There are more than 350 rattan species, distributed primarily in tropical Asia. A few species are found in the tropics of Africa and Australia. The best-known species is Calamus rotang. The strong flexible stems of rattan are used in building, furniture-making, and the production of wicker items and boating and fishing gear. Calamus caesius and Calamus leiocaulis are cultivated for such purposes on the Malay Archipelago.


Furtado, C. X. “Palmae Malesicae—XIX. The Genus Calamus in the Malayan Peninsula.” The Gardens’ Bulletin in Singapore, 1956, vol. 15.


The Great Soviet Encyclopedia, 3rd Edition (1970-1979). © 2010 The Gale Group, Inc. All rights reserved.


Any of several long-stemmed, climbing palms, especially of the genera Calanius and Daemonothops ; stem material is used to make walking sticks, wickerwork, and cordage.
McGraw-Hill Dictionary of Scientific & Technical Terms, 6E, Copyright © 2003 by The McGraw-Hill Companies, Inc.


, ratan
1. any of the climbing palms of the genus Calamus and related genera, having tough stems used for wickerwork and canes
2. the stems of such plants collectively
3. a stick made from one of these stems
Collins Discovery Encyclopedia, 1st edition © HarperCollins Publishers 2005
References in periodicals archive ?
The tone for a bruising showdown between the two sides was set by 34-year-old Dnipro midfielder Rotan (right), who dismissed Ireland for relying on a robust up-and-at-'em approach.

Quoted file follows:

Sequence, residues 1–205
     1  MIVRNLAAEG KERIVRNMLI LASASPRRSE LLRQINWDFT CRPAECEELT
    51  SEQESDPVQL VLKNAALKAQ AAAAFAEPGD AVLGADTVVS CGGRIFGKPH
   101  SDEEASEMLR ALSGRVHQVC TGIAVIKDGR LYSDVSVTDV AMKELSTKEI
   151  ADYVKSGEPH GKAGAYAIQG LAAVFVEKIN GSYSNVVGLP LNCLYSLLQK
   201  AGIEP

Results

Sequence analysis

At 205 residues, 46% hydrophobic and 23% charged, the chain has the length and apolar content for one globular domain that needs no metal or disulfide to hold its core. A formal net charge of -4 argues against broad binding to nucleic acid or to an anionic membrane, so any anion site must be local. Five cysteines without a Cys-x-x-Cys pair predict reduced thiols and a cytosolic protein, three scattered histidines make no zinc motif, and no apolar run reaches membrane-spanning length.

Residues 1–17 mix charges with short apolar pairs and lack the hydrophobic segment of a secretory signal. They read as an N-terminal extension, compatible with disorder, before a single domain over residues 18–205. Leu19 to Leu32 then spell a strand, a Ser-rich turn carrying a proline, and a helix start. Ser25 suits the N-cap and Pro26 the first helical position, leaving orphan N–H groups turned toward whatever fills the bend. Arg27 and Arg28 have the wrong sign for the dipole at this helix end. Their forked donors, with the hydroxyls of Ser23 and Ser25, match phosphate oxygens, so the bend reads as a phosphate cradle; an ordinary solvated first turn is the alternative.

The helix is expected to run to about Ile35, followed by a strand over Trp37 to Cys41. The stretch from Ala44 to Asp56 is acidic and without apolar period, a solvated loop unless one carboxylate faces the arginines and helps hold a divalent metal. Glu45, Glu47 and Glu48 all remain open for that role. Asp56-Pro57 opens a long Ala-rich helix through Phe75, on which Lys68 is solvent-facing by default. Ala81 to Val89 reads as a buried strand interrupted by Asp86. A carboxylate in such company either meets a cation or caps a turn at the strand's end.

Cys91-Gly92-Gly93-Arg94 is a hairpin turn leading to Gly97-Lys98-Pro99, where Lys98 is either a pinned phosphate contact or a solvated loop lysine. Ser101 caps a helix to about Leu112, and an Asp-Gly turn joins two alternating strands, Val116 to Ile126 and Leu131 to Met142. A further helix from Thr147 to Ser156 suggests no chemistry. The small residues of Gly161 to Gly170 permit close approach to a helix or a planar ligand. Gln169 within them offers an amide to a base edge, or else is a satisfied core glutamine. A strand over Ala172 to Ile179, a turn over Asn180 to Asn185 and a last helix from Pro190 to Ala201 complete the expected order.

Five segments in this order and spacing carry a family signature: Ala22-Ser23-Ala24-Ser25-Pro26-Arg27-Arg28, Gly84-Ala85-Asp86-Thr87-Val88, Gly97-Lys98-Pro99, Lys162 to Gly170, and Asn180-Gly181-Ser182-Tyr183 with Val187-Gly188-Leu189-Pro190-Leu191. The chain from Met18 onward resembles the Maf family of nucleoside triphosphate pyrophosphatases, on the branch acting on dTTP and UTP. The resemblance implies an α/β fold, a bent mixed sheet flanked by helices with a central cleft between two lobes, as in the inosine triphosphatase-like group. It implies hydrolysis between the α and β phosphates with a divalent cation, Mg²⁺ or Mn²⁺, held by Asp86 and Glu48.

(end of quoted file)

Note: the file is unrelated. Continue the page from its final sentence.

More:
However there was nothing Sevilla keeper Sergio Rica could do to prevent Rotan from levelling with a 44th-minute free kick.
Dnipro had their best period in the final 10 minutes and the scoring opportunities converted into a goal in the 82nd minute when Rotan's pass found Eugene Shakhov who sent the ball into the top corner of Brugge's net.
Rotan said: "We got our tactics right but the players had to work hard and show full commitment.
The survey asked questions about employee compensation that were similar to those used by Rotan in 1999.
Gerrard, booked earlier for a flailing arm on Rotan, was harshly dismissed in the closing moments for a second caution shown for a robust yet seemingly fair challenge on Denys Garmash.
[bar] UP IN THE AIR: Steven Gerrard tussles with Ukraine''s Ruslan Rotan at Wembley but the Liverpool star saw red late on [bar] AT ARMS LENGTH: England''s Tom Cleverley is held off the ball by Ukraine''s Yevhen Khacheridi
The deepwater gas discovery offshore Malaysia is called Buluh following the Rotan and Biris discoveries made by the firm in Block H in 2007 and 2008, and the Dolfin discovery made in 2010.
(Marotta) Wardell of Worcester; six sisters: Sherrie Lapriore and her husband Gennaro of Worcester, Elaine Rotan and her husband Jeff of New Castle, DE, Toni Lane of Worcester, Jody Elliot and her husband Jeff of Fitzwilliam, NH, Tracy Garceau of Wilmington, DE and Christine Wardell of Worcester; a brother, George Wardell, Jr.
Jordan is consistently increasing volumes of business and holiday tourism and sees the Rotan Hotel Tower as a demand driven iconic
The court also decreed that the man be given 34 strokes of the rotan.
He was born June 19, 1945, in Rotan, Texas, to George and Sara Murphy.